9. "see into the life of things"] From Wordsworth's "Lines Written a Few Miles Above Tintern Abbey": "Almost suspended, we are laid asleep / In Body, and become a living soul: / While, with an eye made quiet by the power / Of harmony, and the deep power of joy, / We see into the life of things" (lines 47–49). This was one of Emerson's favorite poems, according to his journal entry of May 25, 1837 (Journals and Miscellaneous Notebooks by Ralph Waldo Emerson: 1835–1838, ed. Merton M. Sealts, Jr. (Cambridge: Harvard University Press, 1965), 5:335), which anticipates the "transparent eye-ball" passage in Nature (see Patrick J. Keane's Emerson, Romanticism, and Intuitive Reason: The Transatlantic "Light of All Our Day" [Columbia: University of Missouri Press, 2005], especially pages 100–107, on Emerson and Wordsworth). Compare also the "Symbols" chapter of Sartor Resartus: "In the Symbol [. . .] the Infinite is made to blend itself with the Finite, to stand visible, and as it were, attainable there" (162). Dedmond ("Cranch's 'Journal,'" 147) notes that the Western Messenger featured Carlyle's Miscellanies in its "Critical Notices" in December 1838. In it "C" (which is probably Cranch, though it could be Clarke) writes, "We know of no life-reviewer equal to Carlyle. He has an eye to see into the soul of man as well asunder beneath his keen philosophical glance, as distinct as Day from Night" (5:138).Go back
10. Compare Sartor Resartus, chapter 5, "The World in Clothes": "Cast forth thy Act, thy Word, into the ever-living, ever-working Universe: it is a seed-grain that cannot die" (30); and the closing of book 1, chapter 11, "Prospective": "What is the use of health, or of life, if not to do some work therewith? And what work nobler than transplanting foreign Thought into the barren domestic soil; except indeed planting Thought of your own, which the fewest are privileged to do?"(60–61). The closing of "The Everlasting Yea" argues that the impediment to the ideal is a lack of action.Go back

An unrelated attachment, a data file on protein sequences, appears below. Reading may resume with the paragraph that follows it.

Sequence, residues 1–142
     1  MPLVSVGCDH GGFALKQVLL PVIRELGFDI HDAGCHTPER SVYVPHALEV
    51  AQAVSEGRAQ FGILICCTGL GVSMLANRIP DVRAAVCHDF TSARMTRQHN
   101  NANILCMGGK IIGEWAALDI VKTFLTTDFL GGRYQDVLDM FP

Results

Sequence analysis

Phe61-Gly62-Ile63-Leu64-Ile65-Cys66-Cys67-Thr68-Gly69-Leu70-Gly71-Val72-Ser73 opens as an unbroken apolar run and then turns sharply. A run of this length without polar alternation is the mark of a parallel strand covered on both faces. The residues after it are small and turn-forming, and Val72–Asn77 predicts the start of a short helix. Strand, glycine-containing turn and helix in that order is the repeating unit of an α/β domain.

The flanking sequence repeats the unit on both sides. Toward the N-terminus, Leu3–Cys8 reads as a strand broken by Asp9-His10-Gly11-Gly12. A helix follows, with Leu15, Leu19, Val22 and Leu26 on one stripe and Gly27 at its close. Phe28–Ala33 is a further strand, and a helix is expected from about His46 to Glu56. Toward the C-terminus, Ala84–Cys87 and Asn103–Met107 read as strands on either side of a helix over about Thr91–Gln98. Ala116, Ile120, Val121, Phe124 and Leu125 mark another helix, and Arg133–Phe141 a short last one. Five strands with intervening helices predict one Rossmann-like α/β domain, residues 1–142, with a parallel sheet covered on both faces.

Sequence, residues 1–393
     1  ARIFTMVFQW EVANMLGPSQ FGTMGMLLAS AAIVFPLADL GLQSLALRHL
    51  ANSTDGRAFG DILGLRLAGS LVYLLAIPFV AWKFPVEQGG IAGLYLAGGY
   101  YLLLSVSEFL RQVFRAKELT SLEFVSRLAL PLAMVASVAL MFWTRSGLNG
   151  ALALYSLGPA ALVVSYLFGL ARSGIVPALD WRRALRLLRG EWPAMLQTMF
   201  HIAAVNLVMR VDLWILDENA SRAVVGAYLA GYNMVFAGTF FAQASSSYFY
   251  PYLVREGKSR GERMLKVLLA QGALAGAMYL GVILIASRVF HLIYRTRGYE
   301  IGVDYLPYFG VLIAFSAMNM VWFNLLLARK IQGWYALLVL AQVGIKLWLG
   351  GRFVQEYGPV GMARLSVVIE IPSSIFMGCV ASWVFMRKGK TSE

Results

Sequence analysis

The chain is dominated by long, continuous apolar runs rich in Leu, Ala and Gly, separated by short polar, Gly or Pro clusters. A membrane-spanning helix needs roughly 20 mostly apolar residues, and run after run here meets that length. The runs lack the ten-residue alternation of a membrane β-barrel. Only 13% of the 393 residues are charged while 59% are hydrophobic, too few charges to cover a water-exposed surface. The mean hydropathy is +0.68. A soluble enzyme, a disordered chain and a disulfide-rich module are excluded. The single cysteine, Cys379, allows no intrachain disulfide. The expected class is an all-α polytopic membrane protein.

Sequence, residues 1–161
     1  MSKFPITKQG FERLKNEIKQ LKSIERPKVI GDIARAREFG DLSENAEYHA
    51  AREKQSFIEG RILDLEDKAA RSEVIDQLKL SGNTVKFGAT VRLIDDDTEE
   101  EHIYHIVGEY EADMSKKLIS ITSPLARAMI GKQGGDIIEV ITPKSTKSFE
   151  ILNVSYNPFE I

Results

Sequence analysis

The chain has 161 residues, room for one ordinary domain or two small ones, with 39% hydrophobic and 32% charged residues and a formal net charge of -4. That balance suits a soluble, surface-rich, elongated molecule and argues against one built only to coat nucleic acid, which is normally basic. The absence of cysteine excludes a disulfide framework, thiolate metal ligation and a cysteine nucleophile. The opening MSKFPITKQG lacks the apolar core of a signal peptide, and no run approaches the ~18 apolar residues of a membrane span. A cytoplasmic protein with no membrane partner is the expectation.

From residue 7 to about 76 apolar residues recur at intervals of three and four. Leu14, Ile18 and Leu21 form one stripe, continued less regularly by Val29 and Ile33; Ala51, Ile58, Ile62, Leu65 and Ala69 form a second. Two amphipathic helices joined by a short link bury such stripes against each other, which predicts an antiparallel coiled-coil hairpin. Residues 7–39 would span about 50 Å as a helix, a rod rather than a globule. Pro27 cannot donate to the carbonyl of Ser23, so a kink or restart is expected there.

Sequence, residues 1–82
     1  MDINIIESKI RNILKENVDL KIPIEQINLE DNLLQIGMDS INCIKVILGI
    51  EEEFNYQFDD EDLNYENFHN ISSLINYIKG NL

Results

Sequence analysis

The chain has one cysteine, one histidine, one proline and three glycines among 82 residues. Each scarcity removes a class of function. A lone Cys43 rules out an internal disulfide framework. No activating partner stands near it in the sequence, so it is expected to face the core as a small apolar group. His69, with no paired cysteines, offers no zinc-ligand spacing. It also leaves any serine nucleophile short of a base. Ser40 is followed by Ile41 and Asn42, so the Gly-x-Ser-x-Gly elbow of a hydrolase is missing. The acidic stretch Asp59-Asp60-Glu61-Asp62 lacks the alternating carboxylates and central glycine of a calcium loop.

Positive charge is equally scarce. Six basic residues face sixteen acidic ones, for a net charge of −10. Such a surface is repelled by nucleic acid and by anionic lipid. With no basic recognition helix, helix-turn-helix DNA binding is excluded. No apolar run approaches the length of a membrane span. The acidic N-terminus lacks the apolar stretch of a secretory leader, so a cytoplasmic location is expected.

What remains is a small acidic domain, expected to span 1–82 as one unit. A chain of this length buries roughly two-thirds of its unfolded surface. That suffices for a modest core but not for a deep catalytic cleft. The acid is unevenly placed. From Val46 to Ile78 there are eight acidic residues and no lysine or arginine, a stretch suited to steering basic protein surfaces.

11. From Emerson's "American Scholar" address: "if the single man plant himself indomitably on his instincts, and there abide, the huge world will come round to him" (CW, 1:69).Go back
12. "had all knowledge"] Dedmond ("Cranch's 'Journal'") points to First Corinthians 13:2 (King James Bible): "And though I have the gift of prophecy, and understand all mysteries, and all knowledge; and though I have all faith, so that I could remove mountains, and have not charity, I am nothing." This also follows a thread from Emerson's lecture "The Doctrine of the Soul": "With all the godlike knowledge and godlike virtue we can find in history, we can spare it all"; and "I could forgive the man of calculation his want of faith if he had knowledge of the uttermost that man could be and do" (Early Lectures of Ralph Waldo Emerson, vol. 3: 1838–1842, ed. Robert E. Spiller and Wallace E. Williams [Cambridge: Harvard University Press, 1972], 13, 14).Go back
13. Following his thoughts on the value of books, Cranch parallels Emerson's "General Views" lecture (from the 1837–38 "Human Culture" series): "Now what is true of a month's or a year's issue of new books, seems to me with a little qualification true of the age [. . .] One man, two men,—possibly, three or four,—have cast behind them the long-descended costume of the academy, and the expectations of fashion, and have said, This world is too fair, this world comes home too near to me than that I should walk a stranger in it, and live at second-hand, fed by other men's doctrines, or treading only in their steps" (Early Lectures, vol. 2: 1836–1838 [Cambridge: Harvard University Press, 1964], 361). This also follows the theme in "The American Scholar" that significant truths derive not necessarily from books but from an engagement with nature—"instead of Man Thinking, we have the bookworm" (CW, 1:56).Go back